The Court expressly referred to its 2002 decisions in the Philip Morris case[3] as precedents for the interpretation of the provisions of article 5 of the OECD model treaty.

The Court then reiterated the principles established in the above referenced precedents according to which a separate taxable entity can be re-characterized as permanent establishment of a foreign entity if it carries our managerial or business activities (like contract negotiations) in pursuance of a foreign affiliated entity’s business, whose scope and nature exceeds that of mere auxiliary or preparatory activities. It also reiterated that the inquiry on the existence of a permanent establishment as a result of such activities must be conducted on the basis of the substance and not the legal form or appearance of the transaction, and the fact that the local business presence is a separate legal entity is not determinative of the issue.

As evidence of managerial or business activities exceeding auxiliary or preparatory activities and, more generally, of factors allowing the re-characterization of the Italian company as permanent establishment of its Panamanian affiliate, the Court referred to the following circumstances:

- the identity of Italian company’s and its foreign affiliate’s directors and shareholders;

- the Italian company’s participation in negotiations for the conclusion of contracts relating to its foreign affiliate’s business, regardless of the fact that the Italian company did not have the authority to, nor did it ever conclude, contracts on behalf of its foreign affiliate;

- the Italian company’s maintenance of its foreign affiliate’s books and records at its premises in Italy.

The Supreme Court acknowledged that its interpretation could be in contrast with the official interpretation followed at the OECD level and elaborated upon in the new commentary to article 5 of the OECD model treaty adopted after its decisions in the Philip Morris case[4]. However, it refused to formally acquiesce to that official interpretation.

Rather, it stated that the commentary represents a mere recommendation to the OECD member states, and pointed out that Italy has issued an observation to the new commentary making clear that it is willing to follow the jurisprudence of its own national courts on the subject matter[5].


The latest Supreme Court’s decision on matter of re-characterization of an Italian company as permanent establishment of a foreign parent or affiliate seems to take Italian courts’ precedents in this area of law one step further and stands for the principle that, if an Italian company carries on activities that are in furtherance of its foreign parent’s or affiliate’s business and exceed the limits of mere preparatory or auxiliary activities, it can be re-characterized as permanent establishment of its foreign parent or affiliate for Italian tax purposes.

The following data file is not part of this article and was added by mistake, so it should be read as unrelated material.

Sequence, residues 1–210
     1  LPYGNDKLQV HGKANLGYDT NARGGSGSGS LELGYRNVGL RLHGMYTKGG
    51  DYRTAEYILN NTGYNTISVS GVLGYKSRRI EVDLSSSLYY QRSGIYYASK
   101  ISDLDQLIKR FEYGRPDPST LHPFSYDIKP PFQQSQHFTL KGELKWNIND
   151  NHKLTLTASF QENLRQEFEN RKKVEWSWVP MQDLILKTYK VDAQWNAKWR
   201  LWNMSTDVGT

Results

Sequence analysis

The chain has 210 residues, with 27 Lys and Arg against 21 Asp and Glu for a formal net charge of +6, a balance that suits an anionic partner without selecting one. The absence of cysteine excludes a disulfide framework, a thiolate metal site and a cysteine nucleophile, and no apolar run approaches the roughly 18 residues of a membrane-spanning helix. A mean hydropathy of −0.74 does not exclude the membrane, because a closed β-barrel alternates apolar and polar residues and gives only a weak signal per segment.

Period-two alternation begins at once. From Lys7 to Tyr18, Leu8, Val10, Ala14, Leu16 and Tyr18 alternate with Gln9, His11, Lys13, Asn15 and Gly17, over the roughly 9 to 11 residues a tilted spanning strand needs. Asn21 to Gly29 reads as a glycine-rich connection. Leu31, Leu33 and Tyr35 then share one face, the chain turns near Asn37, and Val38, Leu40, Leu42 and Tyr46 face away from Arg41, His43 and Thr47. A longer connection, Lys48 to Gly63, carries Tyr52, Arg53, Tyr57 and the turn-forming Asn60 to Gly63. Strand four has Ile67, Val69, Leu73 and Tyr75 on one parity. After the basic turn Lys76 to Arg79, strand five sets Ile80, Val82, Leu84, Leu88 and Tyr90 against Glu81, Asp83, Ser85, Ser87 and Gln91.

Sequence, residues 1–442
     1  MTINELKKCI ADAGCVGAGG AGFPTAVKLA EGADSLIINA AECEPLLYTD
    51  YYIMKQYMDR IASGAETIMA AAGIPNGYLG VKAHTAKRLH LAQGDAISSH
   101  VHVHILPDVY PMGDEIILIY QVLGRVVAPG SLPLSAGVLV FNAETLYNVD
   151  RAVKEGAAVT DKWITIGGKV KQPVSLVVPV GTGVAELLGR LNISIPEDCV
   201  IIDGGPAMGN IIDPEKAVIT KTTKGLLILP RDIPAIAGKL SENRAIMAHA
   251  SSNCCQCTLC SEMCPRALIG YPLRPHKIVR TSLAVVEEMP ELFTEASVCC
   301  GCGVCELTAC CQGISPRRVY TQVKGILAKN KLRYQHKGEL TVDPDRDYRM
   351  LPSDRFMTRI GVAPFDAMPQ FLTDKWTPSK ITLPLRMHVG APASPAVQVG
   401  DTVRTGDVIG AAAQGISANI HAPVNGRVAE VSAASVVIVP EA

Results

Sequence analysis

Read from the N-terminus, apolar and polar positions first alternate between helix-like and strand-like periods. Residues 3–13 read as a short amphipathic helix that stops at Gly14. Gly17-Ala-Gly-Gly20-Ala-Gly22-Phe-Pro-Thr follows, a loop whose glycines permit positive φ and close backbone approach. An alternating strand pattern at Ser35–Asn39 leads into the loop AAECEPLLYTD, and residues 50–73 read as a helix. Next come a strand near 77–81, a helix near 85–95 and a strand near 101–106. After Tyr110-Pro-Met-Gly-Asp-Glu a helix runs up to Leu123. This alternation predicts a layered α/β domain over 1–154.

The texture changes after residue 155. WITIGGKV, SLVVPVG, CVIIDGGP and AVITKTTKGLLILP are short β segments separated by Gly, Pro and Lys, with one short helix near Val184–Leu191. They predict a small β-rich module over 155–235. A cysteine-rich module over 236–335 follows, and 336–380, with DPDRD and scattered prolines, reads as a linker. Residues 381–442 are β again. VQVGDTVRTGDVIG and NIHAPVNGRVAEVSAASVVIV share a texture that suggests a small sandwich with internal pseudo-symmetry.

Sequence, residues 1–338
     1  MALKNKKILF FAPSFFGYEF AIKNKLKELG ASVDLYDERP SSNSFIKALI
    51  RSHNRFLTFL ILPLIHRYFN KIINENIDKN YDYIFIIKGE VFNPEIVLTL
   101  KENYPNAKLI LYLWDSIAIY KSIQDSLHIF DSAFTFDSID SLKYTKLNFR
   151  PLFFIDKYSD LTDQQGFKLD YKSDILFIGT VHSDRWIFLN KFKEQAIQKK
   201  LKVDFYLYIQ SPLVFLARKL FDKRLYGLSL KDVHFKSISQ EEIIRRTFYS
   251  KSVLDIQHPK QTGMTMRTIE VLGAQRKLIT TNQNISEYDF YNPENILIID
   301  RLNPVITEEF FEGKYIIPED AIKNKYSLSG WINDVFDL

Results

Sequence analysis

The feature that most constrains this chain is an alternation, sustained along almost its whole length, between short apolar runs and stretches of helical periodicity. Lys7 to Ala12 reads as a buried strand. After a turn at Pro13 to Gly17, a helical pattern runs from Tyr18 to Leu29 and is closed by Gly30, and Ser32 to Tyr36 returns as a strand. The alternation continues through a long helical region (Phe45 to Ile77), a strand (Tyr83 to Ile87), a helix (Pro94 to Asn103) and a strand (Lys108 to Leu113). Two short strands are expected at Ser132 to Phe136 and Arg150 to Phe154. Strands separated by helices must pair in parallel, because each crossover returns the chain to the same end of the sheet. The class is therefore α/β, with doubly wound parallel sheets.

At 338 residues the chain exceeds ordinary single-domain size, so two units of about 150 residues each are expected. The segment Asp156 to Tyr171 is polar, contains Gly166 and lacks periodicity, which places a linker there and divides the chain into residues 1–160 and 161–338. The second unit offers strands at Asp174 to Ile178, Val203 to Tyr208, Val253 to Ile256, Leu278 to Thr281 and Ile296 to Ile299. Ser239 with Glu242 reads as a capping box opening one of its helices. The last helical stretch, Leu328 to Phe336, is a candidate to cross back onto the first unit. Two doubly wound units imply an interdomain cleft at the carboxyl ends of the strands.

As a consequence of that decision, foreign taxpayers operating a business activity in Italy through Italian subsidiaries or affiliates should exercise extra care in making sure that the local entity’s activities are carried out in furtherance of its own business purposes, which should be duly and clearly stated in the local entity’s organizational documents, and conducted pursuant to clear carefully drafted contractual arrangements, and more general that such activities are well documented with respect to all their stages and manifestations, so that the proper evidence can be provided if any inquiry or audit is initiated by the tax administration or any litigation goes to court.

[1] At the time of the facts of the case, Italian tax law in not contain a definition of permanent establishment for income tax purposes. Following the tax reforms of 2004, specific rules providing such definition are now set forth at article 162 of Italy’s Income Tax Code (Presidential Decree no. 917 of 1986). The use of OECD model treaty provisions on the definition of permanent establishment to fill in the gap in domestic law was a settled principle under Italian case law (Corte di Cassazione, judgment No. 8815 of November 27, 1987).

[2] The Court expressly referred to ECJ decision of July 17, 1999 in case C-195/95 (Air Lease).

[3] Corte di Cassazione, judgments No. 3367 and No. 3368 of March 7, 2002, and judgment No. 7682 of May 25, 2002.

[4] See Commentary to article 5(5) of OECD model tax convention, paragraph 33, and to article 5(7), paragraphs 40-42.

[5] See Commentary on article 5 of OECD model tax convention, paragraph 45.10: “Italy wishes to clarify that, with respect to paragraphs 33, 41, 41.1 and 42, its jurisprudence is not to be ignored in the interpretation of cases falling in the above paragraphs”.